Isaw the bumper sticker again this week: "When Clinton lied, nobody died."
Of course, plenty of people died at former President Bill Clinton's behest in U.S. operations in Bosnia, Serbia and Kosovo, in defense of the "no-fly zone" in Iraq and in retaliation for attacks on U.S. embassies in Africa, but the sticker's owner wants us to pass over all those deaths.
Instead, we should recall that when Clinton lied under oath about boinking Monica Lewinsky in the Oval Office, she (and he) lived through the experience.
The contrast is with President Bush, who lied about Saddam seeking uranium in Africa, lied about Saddam's efforts to produce weapons of mass destruction and tried falsely to convince people there was a link between Saddam and terrorism, thus creating enormous havoc.
Problem is, more and more evidence is emerging that (dare I say it?) Bush didn't lie about any of those things.
(I leave aside the issue of "Bush said Saddam was behind 9/11" - he instead openly denied it, and a lie by your political enemies doesn't become true because they repeat it endlessly.)
# Uranium in Africa: John Leo, writing for realclearpolitics.com, and Christopher Hitchens, writing on Slate.com, both noted this month, "Bush was right about Iraq's quest for uranium."
The Iraqi representative to the International Atomic Energy Agency, Wissam al-Zahawie, paid an official visit to Niger, whose sole export of any value was uranium ore, in 1999 on a trade mission. Iraq had previously purchased uranium there in 1981, and the intelligence services of Italy, France and Britain informed Washington about the 1999 visit. That tip-off was not related at all to a crude forgery of an agreement purportedly signed by al-Zahawie for a purchase.
Thus, Ambassador Joseph Wilson famous claim that his brief visit to Niger disproved any uranium purchase was disingenuous. His report was seen at the CIA
as upholding the claim that Saddam had an interest in purchasing uranium, as an editorial in The Washington Post noted on Sunday. That actual interest, not any theoretical purchase, was all Bush claimed. Bush 1, Critics 0.
# WMD plans: Gen. Anthony Zinni, who now is cited as an opponent of the idea Saddam was a WMD threat, said this in 2002 in testimony to Congress: "Iraq remains the most significant near-term threat to U.S. interests in the Arabian Gulf region."
He added, "Iraq probably is continuing clandestine nuclear research, (and) retains stocks of chemical and biological munitions . . . Even if Baghdad reversed its course and surrendered all WMD capabilities, it retains scientific, technical, and industrial infrastructure to replace agents and munitions within weeks or months."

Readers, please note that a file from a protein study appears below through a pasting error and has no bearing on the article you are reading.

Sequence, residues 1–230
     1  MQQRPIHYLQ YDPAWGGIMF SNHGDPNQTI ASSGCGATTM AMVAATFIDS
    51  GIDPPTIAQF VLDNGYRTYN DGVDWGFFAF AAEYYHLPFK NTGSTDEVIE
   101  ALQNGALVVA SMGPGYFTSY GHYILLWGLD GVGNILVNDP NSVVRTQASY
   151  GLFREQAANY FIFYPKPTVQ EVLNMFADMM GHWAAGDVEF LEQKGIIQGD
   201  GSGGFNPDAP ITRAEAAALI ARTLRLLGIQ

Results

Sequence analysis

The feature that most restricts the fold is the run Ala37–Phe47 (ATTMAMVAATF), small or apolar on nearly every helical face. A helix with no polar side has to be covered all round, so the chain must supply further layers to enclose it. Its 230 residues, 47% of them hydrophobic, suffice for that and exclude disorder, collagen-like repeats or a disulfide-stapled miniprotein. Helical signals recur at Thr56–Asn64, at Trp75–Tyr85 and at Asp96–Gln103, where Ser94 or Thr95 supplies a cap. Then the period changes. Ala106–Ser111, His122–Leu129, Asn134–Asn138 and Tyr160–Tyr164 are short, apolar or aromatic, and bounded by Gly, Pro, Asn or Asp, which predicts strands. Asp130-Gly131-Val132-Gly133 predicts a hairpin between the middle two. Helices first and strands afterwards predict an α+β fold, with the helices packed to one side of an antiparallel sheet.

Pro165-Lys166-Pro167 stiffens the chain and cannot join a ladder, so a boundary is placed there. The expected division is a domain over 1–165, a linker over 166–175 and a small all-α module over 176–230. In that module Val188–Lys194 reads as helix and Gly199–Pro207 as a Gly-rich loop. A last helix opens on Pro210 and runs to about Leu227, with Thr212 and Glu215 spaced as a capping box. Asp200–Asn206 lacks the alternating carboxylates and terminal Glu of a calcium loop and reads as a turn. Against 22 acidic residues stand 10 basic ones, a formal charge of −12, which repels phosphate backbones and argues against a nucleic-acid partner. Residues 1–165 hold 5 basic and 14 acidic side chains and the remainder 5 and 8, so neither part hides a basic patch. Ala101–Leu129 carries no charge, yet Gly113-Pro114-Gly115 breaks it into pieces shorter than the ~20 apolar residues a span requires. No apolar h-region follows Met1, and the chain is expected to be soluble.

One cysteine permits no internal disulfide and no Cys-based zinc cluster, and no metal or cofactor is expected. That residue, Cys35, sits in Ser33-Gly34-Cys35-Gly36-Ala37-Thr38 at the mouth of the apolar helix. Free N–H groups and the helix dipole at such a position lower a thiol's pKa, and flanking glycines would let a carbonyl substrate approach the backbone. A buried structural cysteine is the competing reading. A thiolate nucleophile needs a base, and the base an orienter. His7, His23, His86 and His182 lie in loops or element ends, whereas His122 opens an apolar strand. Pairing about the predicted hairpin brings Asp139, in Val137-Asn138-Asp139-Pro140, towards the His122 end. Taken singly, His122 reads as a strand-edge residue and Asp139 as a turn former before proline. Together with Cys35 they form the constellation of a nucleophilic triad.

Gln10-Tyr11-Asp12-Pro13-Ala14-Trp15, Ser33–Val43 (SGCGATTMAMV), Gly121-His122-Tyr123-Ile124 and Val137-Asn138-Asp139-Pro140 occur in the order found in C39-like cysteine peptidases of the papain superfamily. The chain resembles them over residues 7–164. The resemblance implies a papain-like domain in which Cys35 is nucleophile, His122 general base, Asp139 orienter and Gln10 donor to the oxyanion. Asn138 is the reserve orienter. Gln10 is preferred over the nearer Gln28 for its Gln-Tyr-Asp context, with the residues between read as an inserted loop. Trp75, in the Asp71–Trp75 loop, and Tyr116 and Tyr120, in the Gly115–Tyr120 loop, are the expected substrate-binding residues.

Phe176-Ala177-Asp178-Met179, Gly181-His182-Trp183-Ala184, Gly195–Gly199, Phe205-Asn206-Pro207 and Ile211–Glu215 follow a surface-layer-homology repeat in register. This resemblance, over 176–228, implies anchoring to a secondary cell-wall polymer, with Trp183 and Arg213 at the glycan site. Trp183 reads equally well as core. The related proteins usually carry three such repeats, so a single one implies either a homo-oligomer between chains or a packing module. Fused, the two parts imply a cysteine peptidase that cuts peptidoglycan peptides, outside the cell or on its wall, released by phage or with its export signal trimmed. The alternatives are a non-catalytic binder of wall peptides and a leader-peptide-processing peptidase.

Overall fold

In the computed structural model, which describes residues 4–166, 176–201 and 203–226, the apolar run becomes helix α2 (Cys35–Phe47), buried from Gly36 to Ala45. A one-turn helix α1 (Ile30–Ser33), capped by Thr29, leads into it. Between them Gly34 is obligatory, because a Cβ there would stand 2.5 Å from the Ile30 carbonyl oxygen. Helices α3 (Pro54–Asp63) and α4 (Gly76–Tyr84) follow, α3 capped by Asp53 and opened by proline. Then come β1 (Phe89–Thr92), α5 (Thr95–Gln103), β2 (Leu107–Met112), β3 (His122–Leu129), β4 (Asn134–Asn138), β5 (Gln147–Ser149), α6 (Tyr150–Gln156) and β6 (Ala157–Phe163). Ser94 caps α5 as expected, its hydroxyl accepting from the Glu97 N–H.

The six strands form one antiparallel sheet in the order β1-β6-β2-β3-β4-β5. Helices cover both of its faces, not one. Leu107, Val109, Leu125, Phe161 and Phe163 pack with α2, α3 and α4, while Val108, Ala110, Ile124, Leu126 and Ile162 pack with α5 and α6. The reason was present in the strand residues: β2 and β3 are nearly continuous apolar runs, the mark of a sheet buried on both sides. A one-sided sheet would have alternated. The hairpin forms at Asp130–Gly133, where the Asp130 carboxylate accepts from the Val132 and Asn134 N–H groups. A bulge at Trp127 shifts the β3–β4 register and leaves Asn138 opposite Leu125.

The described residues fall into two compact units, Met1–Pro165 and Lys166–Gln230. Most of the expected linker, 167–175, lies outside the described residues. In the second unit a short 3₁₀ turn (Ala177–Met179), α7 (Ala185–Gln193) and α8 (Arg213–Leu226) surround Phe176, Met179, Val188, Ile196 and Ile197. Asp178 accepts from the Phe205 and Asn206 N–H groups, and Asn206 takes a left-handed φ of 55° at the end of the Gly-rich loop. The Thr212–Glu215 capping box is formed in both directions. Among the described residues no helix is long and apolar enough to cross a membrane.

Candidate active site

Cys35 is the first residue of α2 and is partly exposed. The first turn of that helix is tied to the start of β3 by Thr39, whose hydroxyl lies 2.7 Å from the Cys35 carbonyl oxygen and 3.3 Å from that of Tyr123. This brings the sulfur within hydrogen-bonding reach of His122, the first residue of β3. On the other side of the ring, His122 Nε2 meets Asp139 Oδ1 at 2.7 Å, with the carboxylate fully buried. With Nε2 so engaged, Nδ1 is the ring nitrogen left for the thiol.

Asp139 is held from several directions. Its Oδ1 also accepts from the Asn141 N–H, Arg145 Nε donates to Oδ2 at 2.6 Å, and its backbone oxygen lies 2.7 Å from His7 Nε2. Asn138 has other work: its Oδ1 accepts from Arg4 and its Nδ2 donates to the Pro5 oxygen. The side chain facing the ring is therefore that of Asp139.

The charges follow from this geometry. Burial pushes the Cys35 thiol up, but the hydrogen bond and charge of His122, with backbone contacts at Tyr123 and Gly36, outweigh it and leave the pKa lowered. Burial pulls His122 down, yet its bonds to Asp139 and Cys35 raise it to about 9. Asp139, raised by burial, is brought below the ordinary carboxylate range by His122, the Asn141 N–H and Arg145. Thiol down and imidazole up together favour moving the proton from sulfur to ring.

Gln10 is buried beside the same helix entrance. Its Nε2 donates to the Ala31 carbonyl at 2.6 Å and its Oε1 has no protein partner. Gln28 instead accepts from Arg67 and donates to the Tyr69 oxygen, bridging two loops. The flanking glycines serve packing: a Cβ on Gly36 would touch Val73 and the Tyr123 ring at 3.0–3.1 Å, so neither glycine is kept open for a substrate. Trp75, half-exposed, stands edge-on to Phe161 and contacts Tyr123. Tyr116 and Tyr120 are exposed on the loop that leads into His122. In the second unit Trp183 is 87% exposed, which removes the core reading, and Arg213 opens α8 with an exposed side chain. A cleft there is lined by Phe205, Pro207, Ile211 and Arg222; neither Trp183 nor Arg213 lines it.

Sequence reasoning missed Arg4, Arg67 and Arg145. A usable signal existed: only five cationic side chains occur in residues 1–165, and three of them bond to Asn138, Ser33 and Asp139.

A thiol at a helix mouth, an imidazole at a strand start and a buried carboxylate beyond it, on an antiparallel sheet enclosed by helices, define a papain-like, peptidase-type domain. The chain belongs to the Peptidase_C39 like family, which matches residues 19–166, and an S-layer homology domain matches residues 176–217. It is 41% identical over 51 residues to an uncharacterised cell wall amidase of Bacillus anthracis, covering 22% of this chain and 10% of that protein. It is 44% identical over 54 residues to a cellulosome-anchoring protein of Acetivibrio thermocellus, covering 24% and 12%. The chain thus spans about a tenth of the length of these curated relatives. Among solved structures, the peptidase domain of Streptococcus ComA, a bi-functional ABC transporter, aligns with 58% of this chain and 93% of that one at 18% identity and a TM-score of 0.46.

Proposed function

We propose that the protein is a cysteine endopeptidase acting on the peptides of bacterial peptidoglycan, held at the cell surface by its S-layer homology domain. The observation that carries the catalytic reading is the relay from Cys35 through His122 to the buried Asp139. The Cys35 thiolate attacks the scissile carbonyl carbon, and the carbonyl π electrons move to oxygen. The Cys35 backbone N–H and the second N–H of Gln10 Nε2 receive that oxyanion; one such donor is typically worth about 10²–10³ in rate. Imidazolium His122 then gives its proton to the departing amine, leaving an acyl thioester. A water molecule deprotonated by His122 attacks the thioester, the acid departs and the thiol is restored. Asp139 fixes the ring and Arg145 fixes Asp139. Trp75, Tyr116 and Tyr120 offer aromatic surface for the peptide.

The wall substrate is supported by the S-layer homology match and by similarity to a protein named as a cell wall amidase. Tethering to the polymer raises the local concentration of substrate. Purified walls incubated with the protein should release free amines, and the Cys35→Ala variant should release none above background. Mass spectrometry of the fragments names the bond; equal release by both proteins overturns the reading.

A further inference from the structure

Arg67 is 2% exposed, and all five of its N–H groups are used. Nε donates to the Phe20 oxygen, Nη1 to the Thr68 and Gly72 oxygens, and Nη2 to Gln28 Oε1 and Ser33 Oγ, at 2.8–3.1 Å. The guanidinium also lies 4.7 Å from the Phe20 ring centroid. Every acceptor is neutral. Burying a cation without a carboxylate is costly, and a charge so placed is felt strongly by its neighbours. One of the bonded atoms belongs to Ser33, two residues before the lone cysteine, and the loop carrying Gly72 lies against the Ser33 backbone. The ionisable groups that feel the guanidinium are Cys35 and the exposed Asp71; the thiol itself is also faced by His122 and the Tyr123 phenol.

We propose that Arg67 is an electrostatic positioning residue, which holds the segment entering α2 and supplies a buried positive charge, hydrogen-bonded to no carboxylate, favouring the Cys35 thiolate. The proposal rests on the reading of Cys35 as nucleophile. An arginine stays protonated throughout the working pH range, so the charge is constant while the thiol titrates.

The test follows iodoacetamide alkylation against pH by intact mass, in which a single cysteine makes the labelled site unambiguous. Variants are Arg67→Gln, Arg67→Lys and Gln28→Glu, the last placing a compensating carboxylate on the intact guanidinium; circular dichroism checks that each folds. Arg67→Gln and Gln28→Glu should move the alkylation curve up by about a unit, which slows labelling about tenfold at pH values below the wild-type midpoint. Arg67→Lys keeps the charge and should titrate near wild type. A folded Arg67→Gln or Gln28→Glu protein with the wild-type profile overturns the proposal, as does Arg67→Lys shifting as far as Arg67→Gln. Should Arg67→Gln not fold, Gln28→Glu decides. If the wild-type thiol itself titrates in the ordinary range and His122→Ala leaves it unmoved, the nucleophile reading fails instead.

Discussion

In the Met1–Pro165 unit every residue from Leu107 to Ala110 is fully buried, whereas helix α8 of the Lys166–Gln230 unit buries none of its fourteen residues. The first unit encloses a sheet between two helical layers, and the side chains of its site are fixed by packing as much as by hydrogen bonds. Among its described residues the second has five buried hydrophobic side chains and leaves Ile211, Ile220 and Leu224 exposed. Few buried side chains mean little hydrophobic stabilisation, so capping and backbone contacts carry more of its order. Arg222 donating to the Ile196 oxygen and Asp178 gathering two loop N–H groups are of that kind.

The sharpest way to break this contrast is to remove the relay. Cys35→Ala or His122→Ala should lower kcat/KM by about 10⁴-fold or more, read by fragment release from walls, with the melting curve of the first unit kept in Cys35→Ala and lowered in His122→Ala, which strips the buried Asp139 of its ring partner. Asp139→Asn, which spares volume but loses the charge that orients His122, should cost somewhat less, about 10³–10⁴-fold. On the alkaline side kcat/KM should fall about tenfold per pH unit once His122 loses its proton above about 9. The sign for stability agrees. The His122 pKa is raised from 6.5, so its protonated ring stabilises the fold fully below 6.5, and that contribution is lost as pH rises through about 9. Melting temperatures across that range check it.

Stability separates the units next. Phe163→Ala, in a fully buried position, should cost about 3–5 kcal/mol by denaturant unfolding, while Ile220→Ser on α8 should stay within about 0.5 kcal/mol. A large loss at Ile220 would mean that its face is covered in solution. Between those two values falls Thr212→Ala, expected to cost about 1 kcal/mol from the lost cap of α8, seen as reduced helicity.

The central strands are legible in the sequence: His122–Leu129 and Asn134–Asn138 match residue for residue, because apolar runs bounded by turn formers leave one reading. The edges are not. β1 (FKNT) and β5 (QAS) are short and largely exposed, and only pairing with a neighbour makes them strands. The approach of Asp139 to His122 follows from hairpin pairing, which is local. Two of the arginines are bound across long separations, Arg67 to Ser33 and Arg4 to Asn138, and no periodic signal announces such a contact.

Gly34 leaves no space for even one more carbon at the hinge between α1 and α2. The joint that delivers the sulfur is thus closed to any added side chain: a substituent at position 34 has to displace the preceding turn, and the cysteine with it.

Zinni was right the first time, according to James Lacey, a national security specialist writing in the April 10 issue of National Review:
"The evidence found by the ISG
(the International Survey Group, set up by the Bush administration after the 2003 invasion and cited as verifying Iraq's lack of WMD programs and weapons) confirms that Saddam was preparing to rapidly reconstitute his WMD program the moment he broke out of sanctions, which - given the frayed state of the coalition against him - would inevitably have happened."
Lacey lists Saddam's extensive efforts to, in the dictator's own words after Desert Storm, "preserve the nation's scientific brain trust essential for WMD," and then concludes, "Not only did Bush not 'lie,' the critics themselves are guilty of selectively citing evidence and of ignoring facts inconvenient to their argument." Bush 2, Critics 0.
# Saddam supported terror: New translations of documents captured in Iraq are disclosing repeated contacts by representatives of Saddam's government with agents of Osama bin Laden.
And, as Stephen F. Hayes reports in "Camp Saddam" in the April 3 issue of The Weekly Standard, "Beginning in 1994, the Fedayeen Saddam opened its own paramilitary training camps for volunteers, graduating more than 7,200 'good men racing full with courage and enthusiasm' in the first year. Beginning in 1998, these camps began hosting 'Arab volunteers from Egypt, Palestine, Jordan, the Gulf, and Syria.' "
After the invasion, Hayes reports, the 2nd Battalion, 23rd Marines found a 10-acre camp 10 miles outside of Baghdad. In an interview with an embedded reporter from Stars & Stripes, Capt. Aaron Robertson said: "We believe this is a training camp where Iraqis trained forces for the Palestine Liberation Front. This is what we would refer to as a sensitive site. This is clearly a terrorist training camp, the type Iraq claimed did not exist."
The camps operated right up until the coalition invasion, Hayes reports. No direct ties to 9/11 have so far been unearthed - and the emphasis is on "so far" - but the contention that Saddam had "no links to terror" is false.
Bush 3, Critics 0.